Whooping Cough in Maricopa County

Topics: Epidemiology, Pertussis, Infectious disease Pages: 3 (874 words) Published: April 5, 2013
Whooping Cough in Maricopa County
The community I have chosen is Maricopa County located in southeast Arizona. According to the United Census Bureau (2011), Maricopa County has an estimated population of 3,880,244. The county has a total area of 9,224.27 square miles, of which 9,203.14 square miles (or 99.77%) is land and 21.13 square miles (or 0.23%) is water (U.S. Census Bureau, 2011). Maricopa County is the fourth largest county in the United States. The population in Maricopa County equates to more than half of the state’s total residents. The breakdown of the estimated population in Maricopa County is persons 65 years old and over is 12.5%, persons 18 years and under is 26% and persons 5 years old and younger is 7.2%. The remaining 54.3% is person’s age 19 years old to 64 years old.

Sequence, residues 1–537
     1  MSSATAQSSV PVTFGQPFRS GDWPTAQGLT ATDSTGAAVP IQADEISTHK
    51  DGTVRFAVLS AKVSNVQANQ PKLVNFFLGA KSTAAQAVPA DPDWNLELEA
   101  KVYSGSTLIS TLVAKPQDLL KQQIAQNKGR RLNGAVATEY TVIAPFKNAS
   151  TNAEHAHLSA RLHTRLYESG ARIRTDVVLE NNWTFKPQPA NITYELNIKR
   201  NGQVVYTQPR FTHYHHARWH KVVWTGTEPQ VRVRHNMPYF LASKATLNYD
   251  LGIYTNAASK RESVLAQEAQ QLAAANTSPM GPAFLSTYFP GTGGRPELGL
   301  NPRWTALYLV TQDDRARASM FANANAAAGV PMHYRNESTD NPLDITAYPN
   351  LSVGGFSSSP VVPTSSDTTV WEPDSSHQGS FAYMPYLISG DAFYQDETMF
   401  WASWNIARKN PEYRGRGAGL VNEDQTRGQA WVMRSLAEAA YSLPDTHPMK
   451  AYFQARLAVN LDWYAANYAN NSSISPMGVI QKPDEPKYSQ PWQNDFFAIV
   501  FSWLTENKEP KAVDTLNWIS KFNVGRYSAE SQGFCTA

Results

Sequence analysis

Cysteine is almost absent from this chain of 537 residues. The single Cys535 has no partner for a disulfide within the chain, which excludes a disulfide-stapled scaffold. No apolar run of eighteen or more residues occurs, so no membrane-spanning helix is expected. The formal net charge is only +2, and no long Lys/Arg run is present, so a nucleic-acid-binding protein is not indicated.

While there are many epidemiology topics to choose from in Maricopa County, the one I chose is Pertussis also called and known as whooping cough. Whooping cough is caused by exposure to bacteria called Bordetella pertussis. It is considered a vaccine-preventable disease. It is highly contagious and is spread from droplet contact from the nose and throat of an infected person. The signs and symptoms of the disease begin 7 to 10 days after exposure. The symptoms begin with a mild cough and cold. It then progresses to severe episodes of coughing spasms that can lead to vomiting due to the coughing. The coughing episodes can last for several months. A person is considered contagious during the first 21 days after the onset of coughing. Once treatment begins with the appropriate antibiotic, the contagious/infectious period shortens to 5 days. Serious complications of whooping cough include pneumonia, seizures, middle ear infection, dehydration, encephalopathy and/or brain damage, and death.

Whooping cough is a communicable disease. Due to the nature of whooping cough being highly contagious, an outbreak of the disease can be serious and affect a large amount of people in a...

References: Arizona Department of Health Services. (2012, September 28). Retrieved February 15, 2013, from http://www.azdhs.gov/phs/oids/epi/disease/pert/
Maricopa County Department of Public Health. (2012). Retrieved February 15, 2013, from
Maricopa County Department of Public Health. (2012). Retrieved February 15, 2013, from
United States Census Bureau (2013, January 13). Retrieved February 15, 2013, from
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